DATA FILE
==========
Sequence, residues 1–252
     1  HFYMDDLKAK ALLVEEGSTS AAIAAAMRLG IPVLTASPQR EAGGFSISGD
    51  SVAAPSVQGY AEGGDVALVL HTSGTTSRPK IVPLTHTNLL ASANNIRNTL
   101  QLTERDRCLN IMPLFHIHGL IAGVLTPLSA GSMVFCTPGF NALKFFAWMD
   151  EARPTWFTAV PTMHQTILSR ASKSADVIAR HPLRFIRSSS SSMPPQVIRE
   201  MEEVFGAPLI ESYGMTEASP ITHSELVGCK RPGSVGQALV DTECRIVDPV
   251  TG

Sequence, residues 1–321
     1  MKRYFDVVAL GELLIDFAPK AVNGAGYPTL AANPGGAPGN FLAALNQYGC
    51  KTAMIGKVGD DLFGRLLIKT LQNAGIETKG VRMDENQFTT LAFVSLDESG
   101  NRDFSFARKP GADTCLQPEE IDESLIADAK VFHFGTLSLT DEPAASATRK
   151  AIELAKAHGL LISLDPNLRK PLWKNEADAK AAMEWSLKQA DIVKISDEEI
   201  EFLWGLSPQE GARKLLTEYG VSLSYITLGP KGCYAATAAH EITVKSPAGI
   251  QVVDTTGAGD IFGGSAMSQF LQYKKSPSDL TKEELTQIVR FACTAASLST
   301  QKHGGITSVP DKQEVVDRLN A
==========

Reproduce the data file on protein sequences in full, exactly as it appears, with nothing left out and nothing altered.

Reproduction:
Sequence, residues 1–252
     1  HFYMDDLKAK ALLVEEGSTS AAIAAAMRLG IPVLTASPQR EAGGFSISGD
    51  SVAAPSVQGY AEGGDVALVL HTSGTTSRPK IVPLTHTNLL ASANNIRNTL
   101  QLTERDRCLN IMPLFHIHGL IAGVLTPLSA GSMVFCTPGF NALKFFAWMD
   151  EARPTWFTAV PTMHQTILSR ASKSADVIAR HPLRFIRSSS SSMPPQVIRE
   201  MEEVFGAPLI ESYGMTEASP ITHSELVGCK RPGSVGQALV DTECRIVDPV
   251  TG

Sequence, residues 1–321
     1  MKRYFDVVAL GELLIDFAPK AVNGAGYPTL AANPGGAPGN FLAALNQYGC
    51  KTAMIGKVGD DLFGRLLIKT LQNAGIETKG VRMDENQFTT LAFVSLDESG
   101  NRDFSFARKP GADTCLQPEE IDESLIADAK VFHFGTLSLT DEPAASATRK
   151  AIELAKAHGL LISLDPNLRK PLWKNEADAK AAMEWSLKQA DIVKISDEEI
   201  EFLWGLSPQE GARKLLTEYG VSLSYITLGP KGCYAATAAH EITVKSPAGI
   251  QVVDTTGAGD IFGGSAMSQF LQYKKSPSDL TKEELTQIVR FACTAASLST
   301  QKHGGITSVP DKQEVVDRLN A